In North America they celebrate Groundhog Day on 2 February when the groundhog comes out of hibernation. It is said that if it is sunny and the animal sees its shadow then it goes back into its den and this warns of another six weeks of wintry weather.
The term ‘groundhog day’ has been included in the dictionary as “a situation where a serious of unwelcome or tedious events appear to be recurring in exactly the same way”. With lockdown restrictions you might be feeling that every day is the same as the last. Have you used the time to make any changes?
Some of you might remember a film that was released in 1993 called Groundhog Day. The movie revolves around a weatherman, Phil Connors (played by Bill Murray), who is on an assignment covering Groundhog Day in a small town in the USA. Phil is a very arrogant, cynical and a generally unpleasant person. He gets stuck in the town during the unexpected snow blizzard and trapped in a time warp. He wakes up over and over again to the exact same day each morning and has to relive it, without anyone else realising they are in a time loop. Each day he has to deal with the harsh winter and environment, the people in the town and especially himself. Being stuck in this town forever is his nightmare so he becomes confused and eventually suicidal but not before realising that his behaviours have no consequences and making risky decisions such as binge drinking, one-night stands and reckless driving.
After some time, he confides in his co-worker and love interest, Rita (played by Andie MacDowell) and tries to improve himself, at first to only impress her. Eventually, he starts to use his knowledge of the day’s events to try to better himself and the lives of the town’s people, for example, preventing a homeless man’s death or catching a teenager when he falls from a tree.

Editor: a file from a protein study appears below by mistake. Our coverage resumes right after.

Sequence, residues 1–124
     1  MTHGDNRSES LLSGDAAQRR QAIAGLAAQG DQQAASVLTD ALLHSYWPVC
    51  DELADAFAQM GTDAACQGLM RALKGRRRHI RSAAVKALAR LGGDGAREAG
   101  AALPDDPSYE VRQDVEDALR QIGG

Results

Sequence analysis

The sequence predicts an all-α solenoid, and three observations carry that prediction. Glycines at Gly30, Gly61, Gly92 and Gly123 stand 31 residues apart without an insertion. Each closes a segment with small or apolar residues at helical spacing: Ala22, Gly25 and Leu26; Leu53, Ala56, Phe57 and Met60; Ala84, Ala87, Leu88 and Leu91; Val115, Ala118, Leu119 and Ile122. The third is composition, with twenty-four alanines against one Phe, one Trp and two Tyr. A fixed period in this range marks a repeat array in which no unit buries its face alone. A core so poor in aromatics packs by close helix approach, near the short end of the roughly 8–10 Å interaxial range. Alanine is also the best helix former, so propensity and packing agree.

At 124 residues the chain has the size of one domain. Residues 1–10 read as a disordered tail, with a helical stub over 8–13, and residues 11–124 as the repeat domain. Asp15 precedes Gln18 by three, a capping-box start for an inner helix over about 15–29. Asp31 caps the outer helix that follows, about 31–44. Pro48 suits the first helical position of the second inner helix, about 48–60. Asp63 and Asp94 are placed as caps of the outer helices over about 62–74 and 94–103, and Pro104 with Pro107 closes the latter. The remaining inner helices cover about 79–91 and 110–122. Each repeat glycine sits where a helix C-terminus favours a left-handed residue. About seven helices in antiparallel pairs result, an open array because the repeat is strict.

It’s only when his actions become selfless that his cynicism and ego disappear he finally stops reliving the same day and, of course, wins Rita’s admiration.
This film teaches a lot of yoga related lessons: letting go of the ego, being selfless and seeing happiness in everything.
Ego is defined as a person’s sense of self-esteem, self-importance and self-worth. As you can tell, there is a lot of “I” involved with this. Letting go of the ego is probably the hardest thing an individual can do and it takes discipline, commitment, sacrifice and some type of enlightenment. The ego is an essential and necessary aspect of human development but it is also a way by which we distort reality. When you let go of the ego, you become entirely selfless and want to serve all living things.
Being selfless means doing the right thing and accepting that the universe is guiding you on your true path. I won’t go into too much detail here but in yogic teachings we have ethical codes of conduct called Yamas of non-violence, truthfulness, refraining from stealing, sexual restraint and non-covetousness. These link your internal environment of body, mind and spirit through Niyamas of purification, contentment, asceticism, self-study and devotion.
In the Groundhog Day film, Phil Connors starts to practice non-violence when he saves the homeless man from dying and catches the teenager while he is falling from a tree. He realises that all life is important and valuable (versus when, in the beginning of the film, he did not care about the homeless man or the teenager).
Phil also practices truthfulness when he explains to Rita what is happening to him. Of course, Phil does not get there right away and tries to lie his way into Rita’s bed first, but he learns his lessons in the end and by practising selflessness and truthfulness, he enriches the lives of those around him and becomes a better person.
Phil has to take a long, hard look at himself and decide what type of person he wants to be and how he wants to live each day, even if it is the same day over and over again. He eventually decides that he wants to better himself and help those around him. He learns how to play the piano, make ice sculptures and speak French while he is stuck in the time loop. Towards the end of the film, he becomes content with his life. He has a really good day in the town, being generous and helpful and at the end of the day he tells Rita no matter what happens and even if he has to relive the same day again and again and wake up each morning alone forever, he is finally happy. It is the next day he find himself waking up next to Rita and the time loop is finally broken.
Groundhog day has earned praise and popularity over the years and is still a relevant film in the modern day despite it being produced in 1993. Does the film’s message of placing the needs of others above your own desires resonate with you? What has your own Groundhog Day taught you? Have a think about how you can let go of your ego, be selfless and see happiness in everything.